I started going tutorless a while ago (save for a few fun ones like Sunforger and Wild Research) and I’ve been really enjoying the experience that it creates. It has helped to randomize my in-game experience more and play the entirety of my deck, as opposed to constantly relying on the same cards over and over every game. It also forces you to tighten up other aspects of your deck in order to be able to answer what comes your way during a game, causing you to look for cards that have multiple functions and modes (like any of the charms.)
Just a couple of friendly tips to help speed along games:
- Search out lands at convenient times – which basically equates to searching for them on other people’s turns unless they will have an effect during your own turn.
- Sensei’s Divining Top idea: Since it is always best to wait until the end of the turn before yours, just pay into the top immediately after your turn and change around the order as you please. You’ll probably have the right configuration by the time your turn just, and you won’t have to waste any excess time.
- Have a plan going into your turn. I usually have a rough idea going into my turn as to what I will do on the turn, and once it turns to me I am ready to hop right into it. I feel like a decent number of players don’t continue to evaluate the board when it is not their turn, and take a lot of time to reassess once their turn hits.
Modern Masters 3
I was impressed by the number of useful reprints that came out in the set, and I hope that for the Modern players out there, it goes a long way to reducing costs and helping out the format. Personally, there really wasn’t much I wanted from the set, save for the Fetchlands I did not have, Voice of Resurgence, and Damnation. I’m in a phase where I’ve “retired” a bunch of cards that I’ve either deemed too powerful or have used and found to be not enjoyable in game, and a lot of those cards wind up being in these sets for some reason.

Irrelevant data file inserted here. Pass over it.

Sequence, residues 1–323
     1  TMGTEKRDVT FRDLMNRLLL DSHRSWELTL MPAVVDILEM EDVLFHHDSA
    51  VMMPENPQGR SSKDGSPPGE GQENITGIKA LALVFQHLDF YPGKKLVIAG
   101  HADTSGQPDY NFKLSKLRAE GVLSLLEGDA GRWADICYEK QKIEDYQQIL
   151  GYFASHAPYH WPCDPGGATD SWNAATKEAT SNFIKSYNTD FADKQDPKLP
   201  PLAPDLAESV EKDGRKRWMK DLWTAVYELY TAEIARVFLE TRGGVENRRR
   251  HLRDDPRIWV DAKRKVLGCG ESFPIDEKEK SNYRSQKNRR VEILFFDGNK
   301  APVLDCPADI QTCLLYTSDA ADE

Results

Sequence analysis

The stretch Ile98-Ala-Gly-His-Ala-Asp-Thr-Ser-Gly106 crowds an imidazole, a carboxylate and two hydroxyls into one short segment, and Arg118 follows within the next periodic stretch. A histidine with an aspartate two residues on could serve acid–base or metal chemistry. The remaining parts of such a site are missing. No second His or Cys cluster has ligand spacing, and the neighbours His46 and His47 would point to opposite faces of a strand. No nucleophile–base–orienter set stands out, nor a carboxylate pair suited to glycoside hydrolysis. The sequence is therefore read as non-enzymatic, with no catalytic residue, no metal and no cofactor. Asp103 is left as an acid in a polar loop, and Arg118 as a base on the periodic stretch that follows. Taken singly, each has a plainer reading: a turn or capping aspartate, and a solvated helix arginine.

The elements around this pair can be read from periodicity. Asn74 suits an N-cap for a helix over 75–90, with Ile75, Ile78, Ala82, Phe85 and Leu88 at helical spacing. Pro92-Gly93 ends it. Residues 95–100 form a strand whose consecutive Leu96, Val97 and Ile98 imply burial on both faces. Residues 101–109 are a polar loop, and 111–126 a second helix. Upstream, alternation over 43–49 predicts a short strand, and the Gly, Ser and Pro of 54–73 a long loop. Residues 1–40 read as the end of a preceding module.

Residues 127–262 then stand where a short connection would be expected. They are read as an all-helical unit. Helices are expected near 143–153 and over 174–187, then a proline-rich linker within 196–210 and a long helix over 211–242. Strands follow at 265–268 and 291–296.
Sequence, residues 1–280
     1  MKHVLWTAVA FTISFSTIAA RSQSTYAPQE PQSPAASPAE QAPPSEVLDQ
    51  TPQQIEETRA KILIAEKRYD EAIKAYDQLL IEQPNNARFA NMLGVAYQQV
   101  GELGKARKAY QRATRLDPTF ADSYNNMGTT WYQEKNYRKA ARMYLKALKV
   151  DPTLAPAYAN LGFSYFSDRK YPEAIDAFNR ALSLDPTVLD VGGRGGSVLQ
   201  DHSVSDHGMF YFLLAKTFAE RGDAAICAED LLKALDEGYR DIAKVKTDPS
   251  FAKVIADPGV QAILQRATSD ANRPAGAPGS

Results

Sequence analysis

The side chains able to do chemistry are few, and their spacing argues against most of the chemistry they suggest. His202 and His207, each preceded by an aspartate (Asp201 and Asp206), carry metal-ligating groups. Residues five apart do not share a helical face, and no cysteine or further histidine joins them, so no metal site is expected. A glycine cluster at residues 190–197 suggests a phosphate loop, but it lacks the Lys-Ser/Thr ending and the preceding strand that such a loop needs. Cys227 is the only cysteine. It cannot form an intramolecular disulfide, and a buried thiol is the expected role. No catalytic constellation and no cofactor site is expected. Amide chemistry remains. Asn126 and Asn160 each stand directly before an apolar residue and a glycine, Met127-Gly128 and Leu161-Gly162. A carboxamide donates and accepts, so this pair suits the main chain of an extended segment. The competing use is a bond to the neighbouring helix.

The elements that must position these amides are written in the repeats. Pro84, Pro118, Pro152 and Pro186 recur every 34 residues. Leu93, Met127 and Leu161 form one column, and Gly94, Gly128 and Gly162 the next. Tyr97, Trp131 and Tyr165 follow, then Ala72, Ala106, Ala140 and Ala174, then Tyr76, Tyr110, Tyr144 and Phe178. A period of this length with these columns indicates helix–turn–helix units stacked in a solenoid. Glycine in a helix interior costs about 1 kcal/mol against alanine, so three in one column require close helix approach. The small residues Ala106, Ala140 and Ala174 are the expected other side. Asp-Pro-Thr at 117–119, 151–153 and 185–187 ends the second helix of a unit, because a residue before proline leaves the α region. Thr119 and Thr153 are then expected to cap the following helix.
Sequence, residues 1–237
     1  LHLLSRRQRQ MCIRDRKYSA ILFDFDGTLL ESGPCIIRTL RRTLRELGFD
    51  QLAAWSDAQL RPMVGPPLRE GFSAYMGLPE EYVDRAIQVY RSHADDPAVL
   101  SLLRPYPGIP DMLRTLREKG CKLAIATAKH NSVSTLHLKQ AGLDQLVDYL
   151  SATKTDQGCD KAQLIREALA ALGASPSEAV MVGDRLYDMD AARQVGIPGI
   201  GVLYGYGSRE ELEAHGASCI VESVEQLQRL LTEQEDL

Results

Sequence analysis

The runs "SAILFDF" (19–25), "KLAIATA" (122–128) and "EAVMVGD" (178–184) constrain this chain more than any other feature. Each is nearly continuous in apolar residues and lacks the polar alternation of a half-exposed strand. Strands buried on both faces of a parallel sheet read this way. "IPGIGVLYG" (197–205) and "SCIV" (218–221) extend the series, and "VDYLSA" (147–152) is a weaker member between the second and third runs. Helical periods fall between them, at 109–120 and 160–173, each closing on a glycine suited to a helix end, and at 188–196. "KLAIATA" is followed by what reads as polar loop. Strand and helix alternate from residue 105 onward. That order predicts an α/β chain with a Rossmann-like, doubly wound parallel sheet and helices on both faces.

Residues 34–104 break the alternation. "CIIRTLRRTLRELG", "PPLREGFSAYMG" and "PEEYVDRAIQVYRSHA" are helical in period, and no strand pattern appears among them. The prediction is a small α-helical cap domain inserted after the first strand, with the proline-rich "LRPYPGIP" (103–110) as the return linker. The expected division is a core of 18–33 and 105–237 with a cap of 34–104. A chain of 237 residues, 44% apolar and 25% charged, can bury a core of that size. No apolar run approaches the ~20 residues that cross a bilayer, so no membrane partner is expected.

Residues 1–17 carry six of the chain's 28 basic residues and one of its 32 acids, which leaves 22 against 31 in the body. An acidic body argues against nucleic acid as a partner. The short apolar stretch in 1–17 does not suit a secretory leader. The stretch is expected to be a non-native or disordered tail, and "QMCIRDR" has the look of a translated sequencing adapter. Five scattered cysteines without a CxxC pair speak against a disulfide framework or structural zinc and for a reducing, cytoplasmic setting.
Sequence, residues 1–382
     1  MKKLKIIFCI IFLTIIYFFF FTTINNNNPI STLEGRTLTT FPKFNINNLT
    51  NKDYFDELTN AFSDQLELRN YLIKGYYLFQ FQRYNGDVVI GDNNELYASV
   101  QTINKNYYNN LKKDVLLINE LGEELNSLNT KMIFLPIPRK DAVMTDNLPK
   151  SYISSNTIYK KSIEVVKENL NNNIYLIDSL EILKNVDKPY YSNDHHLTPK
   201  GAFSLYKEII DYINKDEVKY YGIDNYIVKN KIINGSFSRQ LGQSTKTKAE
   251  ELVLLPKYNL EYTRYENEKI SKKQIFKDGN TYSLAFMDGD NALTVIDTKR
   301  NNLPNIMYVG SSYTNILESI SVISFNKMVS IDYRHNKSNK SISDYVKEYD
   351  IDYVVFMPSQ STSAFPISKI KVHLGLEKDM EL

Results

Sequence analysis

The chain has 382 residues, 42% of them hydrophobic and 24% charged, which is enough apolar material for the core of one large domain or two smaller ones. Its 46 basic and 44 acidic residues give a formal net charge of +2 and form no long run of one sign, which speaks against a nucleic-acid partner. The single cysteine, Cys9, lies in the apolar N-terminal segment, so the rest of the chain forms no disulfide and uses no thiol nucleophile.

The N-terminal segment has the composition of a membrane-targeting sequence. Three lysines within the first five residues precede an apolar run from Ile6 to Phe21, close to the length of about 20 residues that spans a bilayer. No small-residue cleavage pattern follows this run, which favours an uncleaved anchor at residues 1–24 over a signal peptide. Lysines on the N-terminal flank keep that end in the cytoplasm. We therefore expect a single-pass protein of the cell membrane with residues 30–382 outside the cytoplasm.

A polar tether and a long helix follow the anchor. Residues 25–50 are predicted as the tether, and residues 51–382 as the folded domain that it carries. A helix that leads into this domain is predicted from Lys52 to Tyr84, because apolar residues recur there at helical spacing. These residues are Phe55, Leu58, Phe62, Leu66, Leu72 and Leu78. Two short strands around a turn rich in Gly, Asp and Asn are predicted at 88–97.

Your mileage may vary, but after playing five-plus years of EDH, I’m finding that I need less of the big ticket cards and more of the niche cards for specific decks.
Final Fantasy Record Keeper
On a non-Magic note, I’d like to plug the one mobile game I’ve been playing for the last two years. If you’ve played any game of the Final Fantasy games in the past, you’ll have a blast playing this one. It is a combination of all the games from the series, allowing you to get practically any character from any of the games onto your team and put them against into battles from across the series. It’s a fun time-killer and tests your ability to strategize via the FF battle system. It is nostalgia to the max for me, as it was my favorite game series growing up. Fair warning though: though it is free to play, there are opportunities to pay money to get better in it. I’d avoid those at all costs because I don’t think it is necessary to enjoy the game.
Finally, I want to give a big shoutout to my playgroup, whose flexibility and general awesomeness was great to have around during my training. They kept gaming without me, and were able to set up times to play to accommodate me when I had some time off. I’m privileged to have such a great group of friends to game with on a regular basis.
. . . . .
Hope that was enough bouncing around for everyone. Thanks for tuning in, and I hope to be writing a bit more frequently going forward.
Until then, may all your Simulacrums be solemn.